You are not born with Ball Awareness, it is learned
For starters, if we were all born with ball awareness, 3's and 4's would not exist. Therefore, each of us that are 1's and 2's must have acquired this knowledge somewhere along the way. However, there is no real "ah ha" moment; you don't realize there is a ball overnight. Ball Awareness takes time, perhaps years, until we have fully come to grips with what it means to know there is a ball to be on.
Student Achievers are kids who exhibit on the ball tendencies, but have not yet learned about the ball. The awareness, more than likely, starts somewhere in grade school. Instead of smiley faces, stickers, and stars, their schoolwork is returned to them with actual grades. They start to keep score in the sports they play. They begin to realize that there is a cause-and-effect to their effort and skill, and the result of that activity or task. Indirectly, they are starting to realize there is a ball out there, and the journey continues for quite a while.
The notion of calling them Student Achievers does not imply that school teachers are solely responsible for the journey of Ball Awareness. Parents are first and foremost, along with many other role models in a young person's life - coaches, club organizers, extended family, community leaders - people who all influence the lives of young people in a positive way.
Ball Awareness and Ball Attributes are two different things
Simply achieving Ball Awareness is not enough. Ball Attributes will be discussed shortly, but as an example, it is easy to see that the ball someone in grade school becomes aware of is quite different than the ball you are aware of as a spouse, a parent, and/or a professional in the workplace. Not only do you need to be aware of the ball, but you need to recognize that the ball changes and matures over time. This particular rule is important to keep in mind as you progress from a Believer (#2) to an Achiever (#1)
Think about how the challenges in life change for a student, as a family member, and during your career path:
All of our challenges and expectations in these journeys will be different, and therefore each of the balls we aspire to stay on top off will be unique, and change over time.
Also understand in this model that "The Ball" is not a one size fits all ball. People can excel in their careers, but struggle to be a good spouse or parent, and vice versa. Students might be outstanding in the classroom, and get excellent grades, but have challenges socially.
No one is proposing that someone has to be on the ball in every facet of their life all the time, but it is important to acknowledge that life is complex, and having awareness all around, and respective plans to address when you are not on a given ball at a given moment, is very important. For example, I know people who sacrificed personal wellness to stay on the ball professionally. In taking a step back and evaluating both professional and personal aspects of life, they made some adjustments in both areas, were able to stay on the ball at work, while getting back on the health and fitness ball.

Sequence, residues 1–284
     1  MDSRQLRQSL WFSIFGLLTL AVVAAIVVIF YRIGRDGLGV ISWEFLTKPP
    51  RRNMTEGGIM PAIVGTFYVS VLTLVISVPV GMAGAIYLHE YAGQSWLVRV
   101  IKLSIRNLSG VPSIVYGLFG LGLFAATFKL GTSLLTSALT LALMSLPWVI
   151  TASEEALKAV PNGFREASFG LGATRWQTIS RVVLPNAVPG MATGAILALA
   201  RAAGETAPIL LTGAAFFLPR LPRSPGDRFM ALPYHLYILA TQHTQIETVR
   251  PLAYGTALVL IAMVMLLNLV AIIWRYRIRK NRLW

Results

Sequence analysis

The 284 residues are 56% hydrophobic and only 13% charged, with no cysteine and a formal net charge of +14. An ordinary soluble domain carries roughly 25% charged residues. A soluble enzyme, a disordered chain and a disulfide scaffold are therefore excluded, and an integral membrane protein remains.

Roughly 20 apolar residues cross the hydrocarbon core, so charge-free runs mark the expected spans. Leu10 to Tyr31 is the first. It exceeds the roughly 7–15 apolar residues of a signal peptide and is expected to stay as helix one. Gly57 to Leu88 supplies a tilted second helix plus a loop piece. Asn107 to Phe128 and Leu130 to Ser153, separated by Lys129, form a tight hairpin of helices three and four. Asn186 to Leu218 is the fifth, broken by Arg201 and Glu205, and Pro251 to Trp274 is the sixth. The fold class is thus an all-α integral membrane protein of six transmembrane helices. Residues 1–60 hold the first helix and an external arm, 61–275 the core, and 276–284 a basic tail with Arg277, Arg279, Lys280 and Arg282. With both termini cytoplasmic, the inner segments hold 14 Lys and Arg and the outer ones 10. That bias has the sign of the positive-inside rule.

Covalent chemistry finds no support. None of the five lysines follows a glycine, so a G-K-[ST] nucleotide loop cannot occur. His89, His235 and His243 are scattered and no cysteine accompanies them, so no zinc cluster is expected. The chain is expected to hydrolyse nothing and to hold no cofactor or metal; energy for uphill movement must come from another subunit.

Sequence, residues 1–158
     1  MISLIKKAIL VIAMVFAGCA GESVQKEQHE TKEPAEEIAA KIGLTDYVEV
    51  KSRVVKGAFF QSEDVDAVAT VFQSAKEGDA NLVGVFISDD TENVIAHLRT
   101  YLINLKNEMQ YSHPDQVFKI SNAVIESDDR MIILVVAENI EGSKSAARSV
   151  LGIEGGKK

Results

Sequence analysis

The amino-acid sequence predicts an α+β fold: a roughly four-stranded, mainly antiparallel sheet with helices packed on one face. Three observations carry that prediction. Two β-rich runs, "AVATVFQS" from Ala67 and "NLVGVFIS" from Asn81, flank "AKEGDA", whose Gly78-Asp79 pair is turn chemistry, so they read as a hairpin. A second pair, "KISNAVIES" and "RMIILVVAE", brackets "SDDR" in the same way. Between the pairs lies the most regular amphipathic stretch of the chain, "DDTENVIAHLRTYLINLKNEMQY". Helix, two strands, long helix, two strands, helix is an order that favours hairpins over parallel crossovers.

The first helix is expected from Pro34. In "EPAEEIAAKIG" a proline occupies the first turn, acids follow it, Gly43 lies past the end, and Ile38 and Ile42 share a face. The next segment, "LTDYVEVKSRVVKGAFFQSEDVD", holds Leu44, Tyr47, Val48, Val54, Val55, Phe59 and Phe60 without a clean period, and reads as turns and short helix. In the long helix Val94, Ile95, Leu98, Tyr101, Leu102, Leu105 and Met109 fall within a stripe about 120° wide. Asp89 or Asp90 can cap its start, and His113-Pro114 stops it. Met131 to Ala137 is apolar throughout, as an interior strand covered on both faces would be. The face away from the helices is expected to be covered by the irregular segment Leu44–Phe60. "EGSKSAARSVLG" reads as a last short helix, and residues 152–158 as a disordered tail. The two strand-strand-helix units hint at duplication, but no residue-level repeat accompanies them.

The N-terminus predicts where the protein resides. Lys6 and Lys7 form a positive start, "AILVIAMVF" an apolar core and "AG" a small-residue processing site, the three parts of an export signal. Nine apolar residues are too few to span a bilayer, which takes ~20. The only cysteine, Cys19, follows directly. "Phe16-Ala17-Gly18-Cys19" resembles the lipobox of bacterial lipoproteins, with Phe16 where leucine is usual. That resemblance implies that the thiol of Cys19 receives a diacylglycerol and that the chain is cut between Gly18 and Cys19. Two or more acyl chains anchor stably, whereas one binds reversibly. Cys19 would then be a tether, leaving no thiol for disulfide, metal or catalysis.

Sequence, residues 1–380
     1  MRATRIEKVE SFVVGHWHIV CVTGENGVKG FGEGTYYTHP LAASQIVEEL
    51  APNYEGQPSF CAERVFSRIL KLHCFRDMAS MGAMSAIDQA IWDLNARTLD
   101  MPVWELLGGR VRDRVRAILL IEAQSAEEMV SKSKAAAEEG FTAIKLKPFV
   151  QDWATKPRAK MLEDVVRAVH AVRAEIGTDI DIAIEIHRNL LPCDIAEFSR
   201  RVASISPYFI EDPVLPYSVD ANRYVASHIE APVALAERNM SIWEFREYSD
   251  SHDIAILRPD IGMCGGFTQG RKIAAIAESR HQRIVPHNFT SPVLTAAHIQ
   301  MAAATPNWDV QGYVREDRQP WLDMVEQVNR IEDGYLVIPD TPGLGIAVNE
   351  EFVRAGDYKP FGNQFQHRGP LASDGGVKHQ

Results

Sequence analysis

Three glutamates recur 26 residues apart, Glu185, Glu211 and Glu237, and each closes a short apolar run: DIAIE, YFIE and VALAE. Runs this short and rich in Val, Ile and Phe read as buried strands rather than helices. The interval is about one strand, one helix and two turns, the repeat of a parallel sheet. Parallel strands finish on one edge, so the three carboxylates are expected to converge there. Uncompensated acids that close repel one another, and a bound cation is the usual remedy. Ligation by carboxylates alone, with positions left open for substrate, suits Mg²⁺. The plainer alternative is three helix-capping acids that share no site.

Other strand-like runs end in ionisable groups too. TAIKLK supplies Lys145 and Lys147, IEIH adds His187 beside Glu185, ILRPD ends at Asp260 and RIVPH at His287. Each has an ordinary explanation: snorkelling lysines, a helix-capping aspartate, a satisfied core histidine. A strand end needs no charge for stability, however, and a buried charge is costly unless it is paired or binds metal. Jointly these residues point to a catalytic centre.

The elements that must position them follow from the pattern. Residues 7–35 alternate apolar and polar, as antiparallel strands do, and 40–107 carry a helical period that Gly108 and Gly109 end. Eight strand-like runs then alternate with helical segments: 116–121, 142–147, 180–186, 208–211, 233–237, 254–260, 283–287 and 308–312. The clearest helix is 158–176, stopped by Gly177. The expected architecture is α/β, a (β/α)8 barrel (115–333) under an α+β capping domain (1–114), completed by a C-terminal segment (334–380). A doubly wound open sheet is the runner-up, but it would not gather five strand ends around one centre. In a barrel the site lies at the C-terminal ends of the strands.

Ball Awareness is Elastic
A ball is never permanent, and as circumstances change, our understanding of a given ball, and how we learn and react to those circumstances, will influence what quadrant we're in at a given time.
You might start as an Achiever (#1), with an understanding of the ball, and being on it. Then, some circumstance occurs that causes a change in the ball - things become more challenging, the rules have changed, etc., yet you haven't learned about those yet, and have migrated from A to B. You still have "on the ball" skills, but haven't learned about the new ball yet.
Once you have new Ball Awareness, and migrate from B to C, you now need to plan to get back on this new ball - from Believer (#2) to Achiever (#1), and migrate to D. Over time, this loop from B to C to D starts to become second nature, as we realize the balls in our life are constantly changing, and we need to regularly look to learn about what's changed, how we need to react, and how to get back on the ball very quickly.
One recent example where we were all impacted was the COVID-19 global pandemic. Whether directly or indirectly, all of us had to learn new things, and react differently, in the early stages of the pandemic, and many of us who normally felt "on the ball" and in control were, to no fault of their own, thrown a massive curve ball. We did, over time, address challenges, redefined the ball, and got back on, but it serves as a textbook example as to understanding that our standard is not constant.